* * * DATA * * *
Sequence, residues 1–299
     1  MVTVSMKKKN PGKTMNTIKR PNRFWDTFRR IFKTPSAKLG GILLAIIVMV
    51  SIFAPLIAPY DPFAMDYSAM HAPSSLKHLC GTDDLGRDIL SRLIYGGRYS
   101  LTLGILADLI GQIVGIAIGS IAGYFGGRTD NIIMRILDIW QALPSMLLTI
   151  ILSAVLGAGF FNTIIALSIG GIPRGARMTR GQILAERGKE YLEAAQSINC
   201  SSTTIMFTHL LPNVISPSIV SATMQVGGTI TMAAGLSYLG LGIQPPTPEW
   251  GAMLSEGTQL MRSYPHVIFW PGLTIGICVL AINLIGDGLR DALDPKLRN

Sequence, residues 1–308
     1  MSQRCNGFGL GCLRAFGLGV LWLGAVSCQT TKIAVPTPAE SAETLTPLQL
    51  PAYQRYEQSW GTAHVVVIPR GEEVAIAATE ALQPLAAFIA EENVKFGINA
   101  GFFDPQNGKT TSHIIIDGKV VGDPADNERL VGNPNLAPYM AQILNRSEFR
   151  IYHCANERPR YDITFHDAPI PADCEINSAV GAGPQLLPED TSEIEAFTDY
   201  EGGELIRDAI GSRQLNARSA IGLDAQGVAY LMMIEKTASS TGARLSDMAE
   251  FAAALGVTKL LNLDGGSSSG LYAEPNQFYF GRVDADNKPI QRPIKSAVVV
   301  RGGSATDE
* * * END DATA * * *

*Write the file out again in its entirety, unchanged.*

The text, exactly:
Sequence, residues 1–299
     1  MVTVSMKKKN PGKTMNTIKR PNRFWDTFRR IFKTPSAKLG GILLAIIVMV
    51  SIFAPLIAPY DPFAMDYSAM HAPSSLKHLC GTDDLGRDIL SRLIYGGRYS
   101  LTLGILADLI GQIVGIAIGS IAGYFGGRTD NIIMRILDIW QALPSMLLTI
   151  ILSAVLGAGF FNTIIALSIG GIPRGARMTR GQILAERGKE YLEAAQSINC
   201  SSTTIMFTHL LPNVISPSIV SATMQVGGTI TMAAGLSYLG LGIQPPTPEW
   251  GAMLSEGTQL MRSYPHVIFW PGLTIGICVL AINLIGDGLR DALDPKLRN

Sequence, residues 1–308
     1  MSQRCNGFGL GCLRAFGLGV LWLGAVSCQT TKIAVPTPAE SAETLTPLQL
    51  PAYQRYEQSW GTAHVVVIPR GEEVAIAATE ALQPLAAFIA EENVKFGINA
   101  GFFDPQNGKT TSHIIIDGKV VGDPADNERL VGNPNLAPYM AQILNRSEFR
   151  IYHCANERPR YDITFHDAPI PADCEINSAV GAGPQLLPED TSEIEAFTDY
   201  EGGELIRDAI GSRQLNARSA IGLDAQGVAY LMMIEKTASS TGARLSDMAE
   251  FAAALGVTKL LNLDGGSSSG LYAEPNQFYF GRVDADNKPI QRPIKSAVVV
   301  RGGSATDE